Our research focuses on developing techniques to increase resilience, autonomy, and assured safety of modern Robotic and Cyber-Physical Systems. Our work is/has been sponsored by national agencies like NSF, DARPA, ONR, AFRL and companies like MITRE and LEIDOS. If you are interested in working with us please send an e-mail to Prof. Nicola Bezzo.

Proactive Planning & Control for Safe Autonomous Vehicles 

The goal of this project is to develop techniques to schedule and plan unmanned vehicles operations to minimize energy and computation while guaranteeing safety (i.e. something bad will never happen) and liveness (i.e., something good will eventually happen) properties.

Modern unmanned vehicles such as aerial and ground vehicles rely on constant periodic sensor measurements to navigate cluttered environments. However: 1) constant checking and replanning are time and energy consuming and are often not necessary especially in situations in which the vehicle can safely fly in uncluttered environments without entering unsafe states and 2) similar, if a vehicle enters a sensor denied environment may be able to continue its operation for some time without entering unsafe states before reacting. This project researches self-triggered techniques that leverage reachability analysis, control and motion planning techniques, and risk-based analysis to schedule the next time to check sensor measurements and perform replanning while guaranteeing safety under noise and disturbance effects.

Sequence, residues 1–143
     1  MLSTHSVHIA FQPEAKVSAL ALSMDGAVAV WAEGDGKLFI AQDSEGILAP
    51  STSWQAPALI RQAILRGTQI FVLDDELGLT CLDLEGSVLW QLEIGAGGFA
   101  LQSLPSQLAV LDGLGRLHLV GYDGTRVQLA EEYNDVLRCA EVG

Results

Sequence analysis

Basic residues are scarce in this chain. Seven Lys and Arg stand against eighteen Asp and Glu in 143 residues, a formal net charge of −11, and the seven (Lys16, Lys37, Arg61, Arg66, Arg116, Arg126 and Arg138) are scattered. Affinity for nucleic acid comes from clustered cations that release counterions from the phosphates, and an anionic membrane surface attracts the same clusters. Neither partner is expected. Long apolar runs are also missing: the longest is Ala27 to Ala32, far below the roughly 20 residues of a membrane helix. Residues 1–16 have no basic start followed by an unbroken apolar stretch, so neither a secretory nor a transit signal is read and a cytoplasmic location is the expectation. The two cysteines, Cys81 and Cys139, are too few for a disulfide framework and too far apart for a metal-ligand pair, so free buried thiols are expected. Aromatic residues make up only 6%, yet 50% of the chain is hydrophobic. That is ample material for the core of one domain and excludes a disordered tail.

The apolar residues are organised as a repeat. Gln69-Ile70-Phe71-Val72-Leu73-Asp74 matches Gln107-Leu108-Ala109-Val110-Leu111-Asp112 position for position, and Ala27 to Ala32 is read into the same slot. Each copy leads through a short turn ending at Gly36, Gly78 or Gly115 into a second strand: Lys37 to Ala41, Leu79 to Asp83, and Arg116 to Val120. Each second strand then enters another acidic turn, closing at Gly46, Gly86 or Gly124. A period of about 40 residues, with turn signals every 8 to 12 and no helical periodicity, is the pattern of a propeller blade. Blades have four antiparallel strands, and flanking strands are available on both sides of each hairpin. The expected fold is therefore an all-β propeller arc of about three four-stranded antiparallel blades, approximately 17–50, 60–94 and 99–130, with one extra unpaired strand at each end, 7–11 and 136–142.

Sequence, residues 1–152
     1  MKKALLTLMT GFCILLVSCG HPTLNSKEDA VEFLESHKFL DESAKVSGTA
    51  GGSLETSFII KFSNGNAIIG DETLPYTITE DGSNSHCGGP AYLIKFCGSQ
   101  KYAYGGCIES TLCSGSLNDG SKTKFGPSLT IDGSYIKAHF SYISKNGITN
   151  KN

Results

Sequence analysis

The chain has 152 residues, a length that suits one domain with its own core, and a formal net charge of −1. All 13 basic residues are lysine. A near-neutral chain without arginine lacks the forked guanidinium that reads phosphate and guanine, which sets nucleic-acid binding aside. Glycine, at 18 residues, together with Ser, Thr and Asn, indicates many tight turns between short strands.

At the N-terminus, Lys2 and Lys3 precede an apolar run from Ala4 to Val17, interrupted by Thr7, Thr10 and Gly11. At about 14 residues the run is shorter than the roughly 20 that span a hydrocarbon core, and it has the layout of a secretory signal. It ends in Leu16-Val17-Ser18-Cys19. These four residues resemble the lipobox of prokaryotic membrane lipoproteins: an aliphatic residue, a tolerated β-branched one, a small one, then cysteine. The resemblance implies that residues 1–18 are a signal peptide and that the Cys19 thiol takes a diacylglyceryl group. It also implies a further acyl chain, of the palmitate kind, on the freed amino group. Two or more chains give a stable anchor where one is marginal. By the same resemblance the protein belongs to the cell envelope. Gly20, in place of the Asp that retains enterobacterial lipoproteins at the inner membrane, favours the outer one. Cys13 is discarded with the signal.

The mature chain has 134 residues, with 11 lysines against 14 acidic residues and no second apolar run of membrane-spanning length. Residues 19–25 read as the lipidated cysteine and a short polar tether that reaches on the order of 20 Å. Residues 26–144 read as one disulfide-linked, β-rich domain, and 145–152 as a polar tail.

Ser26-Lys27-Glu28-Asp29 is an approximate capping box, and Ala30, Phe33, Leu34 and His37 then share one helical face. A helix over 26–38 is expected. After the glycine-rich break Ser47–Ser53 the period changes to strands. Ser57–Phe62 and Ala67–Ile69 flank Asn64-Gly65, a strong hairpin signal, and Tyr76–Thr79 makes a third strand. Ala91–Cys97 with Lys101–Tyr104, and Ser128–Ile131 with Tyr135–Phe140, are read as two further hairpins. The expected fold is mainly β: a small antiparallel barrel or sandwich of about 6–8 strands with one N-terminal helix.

Recovering from Faults and Disturbances

This project aims to create recovery techniques for systems undergoing unforeseen failures and disturbances at runtime. Modern autonomous vehicles are built under ideal or near-ideal conditions. In the event of a failure, a system needs to quickly adapt and replan to overcome reaching unsafe states. As part of this project we design adaptive control and planning methods leveraging meta-learning techniques to quickly "learn" new models and recover while maintaining a minimum level of performance.